November 25, 2002
Perfect in Pink, Indeed
November 24, 2002
Perfect in Pink
This is a project that I finished ages ago -- I didn't take a picture of it before I sent it off so I never mentioned it here. I used this pattern*, and a pretty pink yarn.
Most importantly, this is a picture of the oft-mentioned Bulis (a.k.a., the Cutest Baby Ever), who is making her first photographic appearance here in gringa-land. Being this far away from her for this long makes my heart hurt.
*This link wasn't working tonight, so I went to the cached version, and copied the pattern into the "more" section of this post.
Tea Cozy Hat
A Free pattern from The Knitting Fairy
Sizes: preemie (newborn, 6 months, 1 year)
150 yards (150 yards, 300 yards, 300 yards) sport weight yarn
US #5 needle
6 sts = 1 inch on #5 needles
CO 36 (42,48,54) sts LOOSELY, leaving a 12 inch tail
Row 1: Knit
Row 2: Purl
Row 3: Knit
Repeat rows 1-3 until piece measures 11 (14,16,18) inches slightly stretched.
Bind off loosely.
Whip stitch cast on and bind off edges together.
Thread tail onto tapestry needle and gather top tightly and secure tail.
Weave in ends.
Add a pom-pom or other topper to really make your hat unique!
We at the Knitting Fairy hope you have enjoyed working with this free pattern. You are welcome to copy and distribute it to your friends so long as this copyright notice remains attached.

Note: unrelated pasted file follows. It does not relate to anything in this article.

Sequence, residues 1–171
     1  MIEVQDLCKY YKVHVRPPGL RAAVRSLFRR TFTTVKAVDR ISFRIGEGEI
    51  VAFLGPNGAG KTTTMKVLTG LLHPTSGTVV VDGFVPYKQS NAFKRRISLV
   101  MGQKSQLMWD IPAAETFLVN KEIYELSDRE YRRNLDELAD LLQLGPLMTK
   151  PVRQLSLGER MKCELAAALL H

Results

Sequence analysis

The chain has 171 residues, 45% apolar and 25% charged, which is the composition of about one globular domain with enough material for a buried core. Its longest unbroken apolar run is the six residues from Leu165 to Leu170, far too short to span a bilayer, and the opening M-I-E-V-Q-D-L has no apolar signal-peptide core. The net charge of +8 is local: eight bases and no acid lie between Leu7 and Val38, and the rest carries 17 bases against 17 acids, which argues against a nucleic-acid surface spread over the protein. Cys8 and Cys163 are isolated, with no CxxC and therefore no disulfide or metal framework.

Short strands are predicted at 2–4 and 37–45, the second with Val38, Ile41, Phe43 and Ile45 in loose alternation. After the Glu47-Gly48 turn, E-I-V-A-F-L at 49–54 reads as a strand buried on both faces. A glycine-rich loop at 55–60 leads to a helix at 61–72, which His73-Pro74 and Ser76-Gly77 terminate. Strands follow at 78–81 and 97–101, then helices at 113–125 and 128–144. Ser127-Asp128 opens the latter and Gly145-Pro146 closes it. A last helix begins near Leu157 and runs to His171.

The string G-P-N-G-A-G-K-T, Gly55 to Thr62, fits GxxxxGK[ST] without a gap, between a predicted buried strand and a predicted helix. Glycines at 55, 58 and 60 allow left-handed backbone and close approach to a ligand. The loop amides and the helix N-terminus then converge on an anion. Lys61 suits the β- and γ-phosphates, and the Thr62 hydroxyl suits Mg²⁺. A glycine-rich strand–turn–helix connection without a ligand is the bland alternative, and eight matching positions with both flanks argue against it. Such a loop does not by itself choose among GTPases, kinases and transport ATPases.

Copyright 2000, The Knitting Fairy.
The Knitting Fairy / JTI
P.O. Box 540279
Grand Prairie, Tx 75054-0279
Knitting compelled me to do something that I've wanted to do for ages: get a library card so that I can use the New York Public Library. See, this is what happened. I really wanted to make one of the Christmas Tree hats (they can be seen here, compliments of Amy) for the Bulis Baby to wear for the holiday season, and I also wanted to make some cute knitted baby blocks as her Christmas present. The problem was that I don't have the books that contain the patterns, and I'm a little short on funds.
On a whim, I checked the New York Public Library's card catalog on line, and both of the books that I needed (Too Cute! by Debby Ware and Vogue Knitting on the Go: Baby Gifts by Trish Malcolm, ed.) were in there!
The very next day, I went to the library and got my card. Then I went online and requested that both of those books be sent to my neighborhood branch, and that I be notified by e-mail when they arrive. According my "Patron Info" page on the library's site, both of the books are "In Transit".
Isn't technology great?
(Note: A few hours ago I went online and reserved Vogue Knitting: The Ultimate Knitting Book as well. I'm out of control.)
November 18, 2002
Caught In the Act
Knitting provides a perfect study break when I'm toiling away at home. When I knit, I can simultanesouly rest my frazzled brain and let my subconscious keep working on some schoolwork-related complexity.
This semester, I've often wanted to bring my knitting to school to provide that sort of meditative study-break. You see, right now I have really long days with huge breaks in the middle -- often four or more hours between next classes. I usually stay at school and study during that time, and there are times where I would kill for 10 minutes of mindless relaxation.